Wednesday, August 31, 2022
"There is no plan B"; this is one of the phrases most repeated by researchers, experts and politicians to fight climate change. Warnings about this phenomenon are reflected in studies and research: extreme heat waves, torrential rains, prolonged droughts. The red lines have also been defined: "not to exceed an average temperature of 1.5ºC." But how much more can the planet take?
This is a question that has been asked by many scientists and, for the moment, there are only predictions. Now, technology can calculate the impact of climatic phenomena on Earth with great precision. "Digital Earth modeling will help predict major environmental degradation with unprecedented reliability," explains Margrethe Vestager, Vice President of the European Commission and European Commissioner for Competition.
A “clone” based on digital twins "is digital technology that replicates products, infrastructures, structures, services or systems created in its own image and likeness," explains Hicham Kabbaj, general manager of Dassault Systèmes for Spain and Portugal. "They help us test them virtually, in the context of their use, to see how they react in models to see if they could be applied in the real world," he adds.
This tool is not new to the private sector, as it has been used in medicine, the automotive industry and even NASA. "The solution to achieving a more sustainable world lies in digital universes, which today are key for industrial companies to address their transformation," notes Kabbaj.
The European Union has taken up the gauntlet and has mobilized 150 million euros to bring Destination Earth to life. Through this project, a group of scientists are trying to make an exact copy of the Earth through more than 200,000 graphics processors to "be able to accurately reproduce not only every detail of Earth, but all the conditions that affect it, such as winds, tides and weather conditions," says the European Commission in a statement. "This will improve our understanding of climate change and enable solutions at global, regional and local levels," Vestager stresses.
"They are not experiments."
For exact cloning, digital twins need "real-world data to recreate simulations," explains the Dassault Systèmes executive. "They can connect to the real world with sensors," he notes. In the case of Destination Earth, its source of information is a large data lake with specific parameters on greenhouse gas emissions, climate change, earthquakes, or the atmosphere, among others. All this to give virtual life to two Earths.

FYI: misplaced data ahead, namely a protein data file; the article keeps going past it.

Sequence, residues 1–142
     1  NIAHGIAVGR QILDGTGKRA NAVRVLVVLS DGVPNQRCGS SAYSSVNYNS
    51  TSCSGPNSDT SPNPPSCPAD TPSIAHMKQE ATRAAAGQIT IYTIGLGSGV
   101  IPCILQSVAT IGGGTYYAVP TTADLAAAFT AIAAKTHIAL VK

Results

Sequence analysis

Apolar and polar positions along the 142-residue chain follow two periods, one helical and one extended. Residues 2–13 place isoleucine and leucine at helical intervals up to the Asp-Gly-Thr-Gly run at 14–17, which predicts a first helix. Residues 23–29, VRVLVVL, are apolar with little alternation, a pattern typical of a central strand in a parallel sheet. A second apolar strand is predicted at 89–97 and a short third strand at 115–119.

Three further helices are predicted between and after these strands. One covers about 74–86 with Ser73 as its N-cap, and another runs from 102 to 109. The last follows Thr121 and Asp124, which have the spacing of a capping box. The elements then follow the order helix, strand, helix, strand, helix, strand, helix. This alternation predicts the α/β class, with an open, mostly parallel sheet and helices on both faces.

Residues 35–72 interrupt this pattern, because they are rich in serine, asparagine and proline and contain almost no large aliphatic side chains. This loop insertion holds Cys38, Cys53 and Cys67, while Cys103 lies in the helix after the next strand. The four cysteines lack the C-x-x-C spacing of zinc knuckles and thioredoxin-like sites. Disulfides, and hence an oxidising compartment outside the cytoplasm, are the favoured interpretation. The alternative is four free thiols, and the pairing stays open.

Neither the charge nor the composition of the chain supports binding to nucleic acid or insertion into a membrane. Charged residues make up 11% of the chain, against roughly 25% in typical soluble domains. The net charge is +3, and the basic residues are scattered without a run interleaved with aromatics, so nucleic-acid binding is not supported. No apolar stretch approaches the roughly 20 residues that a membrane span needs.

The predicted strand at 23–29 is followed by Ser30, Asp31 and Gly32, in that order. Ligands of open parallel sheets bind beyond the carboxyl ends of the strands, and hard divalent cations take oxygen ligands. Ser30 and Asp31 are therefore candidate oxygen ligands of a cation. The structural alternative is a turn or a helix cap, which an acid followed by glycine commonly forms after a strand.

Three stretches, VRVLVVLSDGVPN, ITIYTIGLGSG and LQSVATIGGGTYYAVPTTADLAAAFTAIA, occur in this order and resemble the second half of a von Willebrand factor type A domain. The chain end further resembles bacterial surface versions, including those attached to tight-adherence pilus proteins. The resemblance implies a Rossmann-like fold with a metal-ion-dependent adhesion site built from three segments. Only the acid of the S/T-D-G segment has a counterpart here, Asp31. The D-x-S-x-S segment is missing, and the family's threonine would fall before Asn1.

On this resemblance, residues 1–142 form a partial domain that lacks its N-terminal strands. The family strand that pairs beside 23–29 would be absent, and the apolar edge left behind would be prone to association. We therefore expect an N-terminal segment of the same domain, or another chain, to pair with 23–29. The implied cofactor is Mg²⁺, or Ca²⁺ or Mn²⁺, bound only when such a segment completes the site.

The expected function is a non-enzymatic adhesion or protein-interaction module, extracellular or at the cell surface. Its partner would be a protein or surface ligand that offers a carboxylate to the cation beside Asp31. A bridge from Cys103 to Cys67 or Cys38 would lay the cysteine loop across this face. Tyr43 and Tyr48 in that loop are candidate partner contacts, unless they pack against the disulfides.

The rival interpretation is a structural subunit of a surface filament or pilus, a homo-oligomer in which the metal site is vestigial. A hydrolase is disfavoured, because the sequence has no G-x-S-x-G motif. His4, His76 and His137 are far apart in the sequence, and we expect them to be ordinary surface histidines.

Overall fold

The first virtual universe will focus on geophysical and climate-induced hazards. Its study will focus on floods, droughts, heat waves and geophysical phenomena such as earthquakes, volcanic eruptions and tsunamis. "It will help local and regional authorities to test actions with greater precision that will help save lives and reduce property damage," the European Commission reveals.
The second will work to help adapt to climate change and provide observation and simulation capabilities to support mitigation activities and scenarios.
These two projects are in their embryonic phase and will not see the light of day for "at least 7 to 10 years," according to European Commission sources. However, it is not the only work that replicates life on and from Earth.
Following the outbreak of SARS-CoV-2, the German city of Herrenberg decided to anticipate citizens’ behavior with anti-CoV-2 measures in a particular metaverse. Those responsible for the town in the southwest of the country digitized each of the municipality's sites for study. "You don't have to make a decision and see what happens next; now you can see what effect a decision will have before you make it through the use of the 'digital twin,'" Nicolai Reith, head of the Control and Communication department and advisor to the mayor of Herrenberg, explains to the publication Cities Today.
"We are not talking about experimenting, it is a real practice and it is carried out by the most prestigious brands in the market," Kabbaj repeats.
Committed to transparency
Despite its significant impact and use in certain industry sectors, "its current reach is limited, and the market has only reached 10% adoption globally, as the technology is immature and underutilized in many sectors," Accenture and Dassault Systèmes note in a joint report. "The solution to a more sustainable world lies in digital twins," Kabbaj stresses. "It can accelerate achieving the UN’s Sustainable Development Goals," he notes.
In the industrial sector, evolution through digitalization is a priority for a growing number of companies seeking to generate greater value for their customers, reduce their costs and improve their efficiency and quality, without forgetting the importance of these solutions for companies in the sector to advance in sustainability.
For example, in many industrial processes, water plays a decisive role. More than 1,000 tons of water are needed to produce one ton of wheat and 15 times more for one ton of beef, while up to 150,000 liters can be required to manufacture one car. "We need to evolve towards a circular economy and a smarter use of this resource," Kabbaj responds.
Through digital twins, water can be used more efficiently. "Our system uses data intelligence, 3D modeling and visualization to trace the water footprint of products and services, from their design and engineering to their manufacturing and end-of-life implications," details the Dassault Systèmes manager.
The use of this digital tool, they claim in their research, could bring proceeds of $1.3 trillion in economic value and 7.5 Gt in CO2 emission reductions by 2030.
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